Average Credit Scores Hit Record High
Oct 17th, 2018 @ 9:24 PM by Amber Nelson
Americans are figuring out how to manage their credit, it would seem. New data from Fair Isaac & Co. (FICO) shows that the average FICO score rose this year to an all-time of 704, up 4 points from 2018. The average score has risen for the past 8 straight years, climbing from a low of 686 during the Great Recession in 2009.
And consumers from every credit range are moving up. The Chicago Tribune reported that the number of Americans with scores between 300 and 499 has fallen 3% over the past 9 years and the number of consumers with scores from 500 to 549 dropped 2%. Today 42% of Americans have credit scores between 750 and 800 and more than 20% are now “super prime” credit holders with score above 800.
The causes of these improvements in consumer credit could include many factors. First, information about how to raise one’s score is more readily available today than ever before. A quick internet search will turn up the basic formula for a credit score and which components are weighted most heavily. Consumers may be checking their credit more often and working to improve them.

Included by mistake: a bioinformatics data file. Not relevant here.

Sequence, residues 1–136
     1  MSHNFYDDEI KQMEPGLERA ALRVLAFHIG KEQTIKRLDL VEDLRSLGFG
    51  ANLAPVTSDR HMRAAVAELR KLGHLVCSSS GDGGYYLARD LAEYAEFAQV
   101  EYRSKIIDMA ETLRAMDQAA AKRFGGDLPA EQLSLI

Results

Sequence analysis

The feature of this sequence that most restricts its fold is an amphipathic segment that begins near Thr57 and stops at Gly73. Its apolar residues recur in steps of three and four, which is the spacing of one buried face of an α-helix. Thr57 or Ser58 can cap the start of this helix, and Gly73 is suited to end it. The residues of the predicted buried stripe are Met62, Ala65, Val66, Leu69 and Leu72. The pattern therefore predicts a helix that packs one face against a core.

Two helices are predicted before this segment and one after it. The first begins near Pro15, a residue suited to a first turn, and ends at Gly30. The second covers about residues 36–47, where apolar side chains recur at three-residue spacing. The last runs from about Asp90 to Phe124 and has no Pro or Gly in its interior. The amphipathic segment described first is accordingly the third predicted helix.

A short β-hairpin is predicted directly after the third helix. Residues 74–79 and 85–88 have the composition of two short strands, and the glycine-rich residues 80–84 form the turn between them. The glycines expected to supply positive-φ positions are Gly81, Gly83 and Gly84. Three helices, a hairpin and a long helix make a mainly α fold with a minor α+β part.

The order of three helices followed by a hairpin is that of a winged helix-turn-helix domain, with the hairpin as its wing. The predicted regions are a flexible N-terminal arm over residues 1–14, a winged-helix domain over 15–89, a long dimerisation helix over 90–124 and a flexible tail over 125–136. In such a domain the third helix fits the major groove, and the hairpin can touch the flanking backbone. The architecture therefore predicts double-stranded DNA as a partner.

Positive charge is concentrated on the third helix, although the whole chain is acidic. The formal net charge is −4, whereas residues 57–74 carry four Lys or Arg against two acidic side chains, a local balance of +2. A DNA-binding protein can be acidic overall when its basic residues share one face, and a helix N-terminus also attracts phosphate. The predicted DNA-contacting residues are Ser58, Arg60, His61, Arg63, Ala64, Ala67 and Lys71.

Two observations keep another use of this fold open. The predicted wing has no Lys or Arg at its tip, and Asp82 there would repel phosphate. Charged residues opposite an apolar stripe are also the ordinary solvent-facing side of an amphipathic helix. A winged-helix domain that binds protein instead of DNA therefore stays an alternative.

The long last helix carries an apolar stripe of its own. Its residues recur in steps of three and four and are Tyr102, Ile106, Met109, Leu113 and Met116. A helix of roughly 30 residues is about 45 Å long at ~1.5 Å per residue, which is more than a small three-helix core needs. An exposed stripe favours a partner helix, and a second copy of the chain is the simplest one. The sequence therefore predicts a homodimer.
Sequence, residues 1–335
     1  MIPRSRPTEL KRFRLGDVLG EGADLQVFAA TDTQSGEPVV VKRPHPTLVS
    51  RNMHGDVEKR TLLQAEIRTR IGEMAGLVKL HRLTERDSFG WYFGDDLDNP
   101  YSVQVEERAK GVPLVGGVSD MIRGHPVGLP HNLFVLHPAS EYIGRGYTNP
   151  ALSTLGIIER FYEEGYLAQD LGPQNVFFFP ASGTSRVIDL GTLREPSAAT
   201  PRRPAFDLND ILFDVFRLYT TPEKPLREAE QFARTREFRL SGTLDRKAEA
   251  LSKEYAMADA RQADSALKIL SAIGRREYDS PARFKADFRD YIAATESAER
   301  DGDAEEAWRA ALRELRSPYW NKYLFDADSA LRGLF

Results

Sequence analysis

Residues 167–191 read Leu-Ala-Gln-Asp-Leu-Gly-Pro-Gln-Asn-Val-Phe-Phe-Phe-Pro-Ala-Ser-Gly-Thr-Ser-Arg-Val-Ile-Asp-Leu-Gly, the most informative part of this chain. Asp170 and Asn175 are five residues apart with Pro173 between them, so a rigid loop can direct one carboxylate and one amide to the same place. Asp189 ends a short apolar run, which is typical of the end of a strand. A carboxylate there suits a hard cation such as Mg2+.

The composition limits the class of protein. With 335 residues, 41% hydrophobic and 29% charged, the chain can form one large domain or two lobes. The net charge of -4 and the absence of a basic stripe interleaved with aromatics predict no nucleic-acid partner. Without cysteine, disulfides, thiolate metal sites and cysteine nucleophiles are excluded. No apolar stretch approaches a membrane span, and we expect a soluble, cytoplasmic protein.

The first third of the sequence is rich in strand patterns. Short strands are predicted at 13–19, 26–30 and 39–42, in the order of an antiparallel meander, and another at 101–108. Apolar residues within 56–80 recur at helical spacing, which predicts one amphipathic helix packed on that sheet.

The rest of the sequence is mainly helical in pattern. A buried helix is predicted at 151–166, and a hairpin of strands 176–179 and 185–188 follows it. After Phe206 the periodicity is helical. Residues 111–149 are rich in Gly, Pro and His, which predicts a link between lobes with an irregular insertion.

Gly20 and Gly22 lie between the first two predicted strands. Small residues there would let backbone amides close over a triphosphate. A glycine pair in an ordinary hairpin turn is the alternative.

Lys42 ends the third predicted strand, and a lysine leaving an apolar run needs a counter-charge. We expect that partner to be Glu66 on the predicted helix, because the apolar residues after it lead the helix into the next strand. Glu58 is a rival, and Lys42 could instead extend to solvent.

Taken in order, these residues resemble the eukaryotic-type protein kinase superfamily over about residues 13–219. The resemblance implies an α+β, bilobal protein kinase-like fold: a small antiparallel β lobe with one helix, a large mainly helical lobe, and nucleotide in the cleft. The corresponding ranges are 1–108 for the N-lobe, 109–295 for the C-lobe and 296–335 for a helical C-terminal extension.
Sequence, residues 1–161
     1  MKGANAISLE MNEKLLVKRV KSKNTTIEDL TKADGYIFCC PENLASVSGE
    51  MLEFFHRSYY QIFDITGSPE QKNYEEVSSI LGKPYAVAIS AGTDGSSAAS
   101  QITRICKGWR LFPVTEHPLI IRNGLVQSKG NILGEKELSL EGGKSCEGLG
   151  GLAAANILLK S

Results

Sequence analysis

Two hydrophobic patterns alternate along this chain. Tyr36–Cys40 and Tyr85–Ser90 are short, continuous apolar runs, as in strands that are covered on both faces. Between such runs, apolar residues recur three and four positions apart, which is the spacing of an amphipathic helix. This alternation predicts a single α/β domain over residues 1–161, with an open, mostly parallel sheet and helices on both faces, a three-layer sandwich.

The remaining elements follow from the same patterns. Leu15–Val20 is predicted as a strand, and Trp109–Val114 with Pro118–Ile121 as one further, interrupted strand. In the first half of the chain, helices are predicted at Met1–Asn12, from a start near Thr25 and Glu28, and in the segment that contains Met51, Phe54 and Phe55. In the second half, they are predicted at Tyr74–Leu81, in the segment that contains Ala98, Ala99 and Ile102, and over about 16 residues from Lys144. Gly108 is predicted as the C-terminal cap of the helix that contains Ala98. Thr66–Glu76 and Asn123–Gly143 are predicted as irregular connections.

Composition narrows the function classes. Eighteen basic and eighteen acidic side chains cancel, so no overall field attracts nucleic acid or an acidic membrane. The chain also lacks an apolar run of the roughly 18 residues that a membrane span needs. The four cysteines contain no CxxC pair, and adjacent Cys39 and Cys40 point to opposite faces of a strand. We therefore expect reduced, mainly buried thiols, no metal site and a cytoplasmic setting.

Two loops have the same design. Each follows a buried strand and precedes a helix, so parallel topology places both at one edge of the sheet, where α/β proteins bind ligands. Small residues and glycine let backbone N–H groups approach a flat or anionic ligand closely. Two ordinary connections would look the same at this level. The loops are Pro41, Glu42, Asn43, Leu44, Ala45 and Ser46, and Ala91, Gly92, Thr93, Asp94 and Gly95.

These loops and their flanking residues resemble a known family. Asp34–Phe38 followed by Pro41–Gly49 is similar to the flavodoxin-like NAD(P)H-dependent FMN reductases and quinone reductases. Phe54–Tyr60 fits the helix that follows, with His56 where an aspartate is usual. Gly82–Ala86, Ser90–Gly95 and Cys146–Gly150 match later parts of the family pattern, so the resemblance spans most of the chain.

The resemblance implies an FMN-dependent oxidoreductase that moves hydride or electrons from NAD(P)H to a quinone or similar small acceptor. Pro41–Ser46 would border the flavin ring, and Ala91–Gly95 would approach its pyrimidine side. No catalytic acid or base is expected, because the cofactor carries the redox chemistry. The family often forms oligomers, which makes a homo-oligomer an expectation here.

Also, at the beginning of the year Equifax, Experian, and TransUnion decided to remove most civil judgments and about half of all tax liens from consumer credit reports after the Consumer Financial Protection Bureau recommended the changes. For those that previously had liens or judgments on their record, the new rules boosted their scores between 10 and 30 points almost instantly.
Delinquencies are also down which indicates greater financial responsibility among consumers. The average 30+day delinquency rate on installment loans fell to 1.73% of all loans while credit card delinquencies dropped to a rate of 3.06%, both well below their 15-year averages.
And lenders have been more risk adverse since the recession and more cautious in their lending practices, naturally weeding out borrowers less likely to make their loan payments on time.
Some combination of all these factors has helped average credit scores to rise, hopefully signifying a nation more responsible with its borrowing.
Amber Nelson is a seasoned mortgage industry writer and a regular contributor to Loan.com and Mortgage101.com.